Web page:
CHURCH: An impressive young man there. Well, it has been an incredibly active tropical storm season for millions across East Asia. Our meteorologist, Pedram Javaheri, joins us now from the International Weather Center with at least three additional storms in the making. Pedram, just how bad are they?

PEDRAM JAVAHERI, CNN INTERNATIONAL METEOROLOGIST: Yes, is there something that you know, we're watching this carefully because the impressive nature of this is, of course, just a number of storms there see.

Not a single one of them has been all that strong by itself, but you put it together with the ongoing pattern we have (INAUDIBLE) cut to the west, we have a medium chance -- a low chance of formation over the next couple of days and then leafy towards the north.

And I want to break this down for you because we do have quite a bit of people impacted by this. In fact, you take a look just the past 21 or so days, we've had (INAUDIBLE). We have Tropical Depression 13. We had Typhoon Jongdari, and of course, another system pushing through as well in the past several days.

That was Yagi that came ashore impacting areas just South of Shanghai. So, put all of this together in three weeks period, it is already active. And then, you introduce three additional systems and here's leafy right here. Since at 110 kilometers per hour, not far from Kagoshima.

Notice not very organized, not very symmetrical, not a tremendous feature, it's just week of what would be a typhoon strength system but it'll bring tremendous rainfall. Yet again, push through here's around Pusan and eventually bring in some heavy rainfall as it pushes in towards Shanghai.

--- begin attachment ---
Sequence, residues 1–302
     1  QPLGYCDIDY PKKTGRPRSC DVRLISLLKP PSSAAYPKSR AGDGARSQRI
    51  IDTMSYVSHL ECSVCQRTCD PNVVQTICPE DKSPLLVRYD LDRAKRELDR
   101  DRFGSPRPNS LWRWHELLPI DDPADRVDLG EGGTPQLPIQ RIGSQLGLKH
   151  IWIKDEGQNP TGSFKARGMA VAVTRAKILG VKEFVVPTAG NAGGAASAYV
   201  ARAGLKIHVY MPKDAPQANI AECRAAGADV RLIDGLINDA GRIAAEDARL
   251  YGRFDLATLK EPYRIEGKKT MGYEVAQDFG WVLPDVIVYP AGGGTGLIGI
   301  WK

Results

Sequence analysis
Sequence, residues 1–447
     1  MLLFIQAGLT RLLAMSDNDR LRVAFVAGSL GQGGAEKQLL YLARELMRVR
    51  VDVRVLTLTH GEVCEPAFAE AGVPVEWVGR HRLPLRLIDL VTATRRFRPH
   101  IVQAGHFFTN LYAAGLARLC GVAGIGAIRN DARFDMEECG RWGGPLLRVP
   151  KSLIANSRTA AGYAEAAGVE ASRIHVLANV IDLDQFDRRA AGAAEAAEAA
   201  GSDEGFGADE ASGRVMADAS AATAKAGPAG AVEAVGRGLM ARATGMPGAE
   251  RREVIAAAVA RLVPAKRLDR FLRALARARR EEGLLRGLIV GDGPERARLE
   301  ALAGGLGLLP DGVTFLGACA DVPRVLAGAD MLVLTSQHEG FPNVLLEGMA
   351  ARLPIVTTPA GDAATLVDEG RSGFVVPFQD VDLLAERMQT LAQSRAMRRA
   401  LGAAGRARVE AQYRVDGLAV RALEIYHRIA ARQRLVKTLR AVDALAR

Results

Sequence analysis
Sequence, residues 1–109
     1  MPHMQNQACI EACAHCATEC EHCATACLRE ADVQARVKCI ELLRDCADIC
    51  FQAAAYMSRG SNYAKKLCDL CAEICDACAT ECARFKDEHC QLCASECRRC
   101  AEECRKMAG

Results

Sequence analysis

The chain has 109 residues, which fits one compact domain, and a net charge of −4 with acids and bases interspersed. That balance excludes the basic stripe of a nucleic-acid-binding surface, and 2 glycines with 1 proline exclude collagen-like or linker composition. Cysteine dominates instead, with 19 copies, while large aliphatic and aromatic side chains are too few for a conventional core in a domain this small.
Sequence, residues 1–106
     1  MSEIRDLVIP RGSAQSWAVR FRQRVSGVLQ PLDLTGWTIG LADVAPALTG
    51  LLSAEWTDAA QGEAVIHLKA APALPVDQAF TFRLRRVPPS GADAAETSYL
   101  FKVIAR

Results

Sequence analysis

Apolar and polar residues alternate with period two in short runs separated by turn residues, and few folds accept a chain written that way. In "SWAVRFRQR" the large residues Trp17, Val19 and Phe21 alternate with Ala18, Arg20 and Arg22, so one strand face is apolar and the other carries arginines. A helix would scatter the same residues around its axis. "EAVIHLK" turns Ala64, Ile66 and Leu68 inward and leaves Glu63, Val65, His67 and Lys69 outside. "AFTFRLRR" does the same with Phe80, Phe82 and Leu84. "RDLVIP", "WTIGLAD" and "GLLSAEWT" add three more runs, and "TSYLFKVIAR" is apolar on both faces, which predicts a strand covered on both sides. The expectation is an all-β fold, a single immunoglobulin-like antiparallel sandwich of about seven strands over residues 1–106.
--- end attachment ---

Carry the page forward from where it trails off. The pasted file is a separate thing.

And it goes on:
So, that's part one of all of this in an area that is frankly been very hard hit with rainfall. And notice, much of Japan takes in additional rainfall, portions of South Korea, portions around the Bohai Bay, as well south of Beijing.

And this is the region, of course, in recent days we had the sinkhole reported, some damage to properties, some vehicles, as well. Days of heavy rain along a stalled frontal boundary. So, you introduced additional heavy rainfall here.

To the south, this is the Bebinca the next tropical system. Again, notice this right here just east of Haikou. But, a lot of convection, a lot of thunderstorm activity just to its west and only gets it on the action, been gets in on the action. And notice what it does. It pushes ashore near Hong Kong here with the next few hours, at 12 to say 18 hours.

And they're kind of meanders off the coast of Guangdong and Guangxi. That's about 106 million people in its path that'll bring a lot of heavy rainfall once again across this region. And when you look at what's happened, so far in 2018, Rosemary, nearly doubled. The tropical storm count that you would expect through the 13th of August.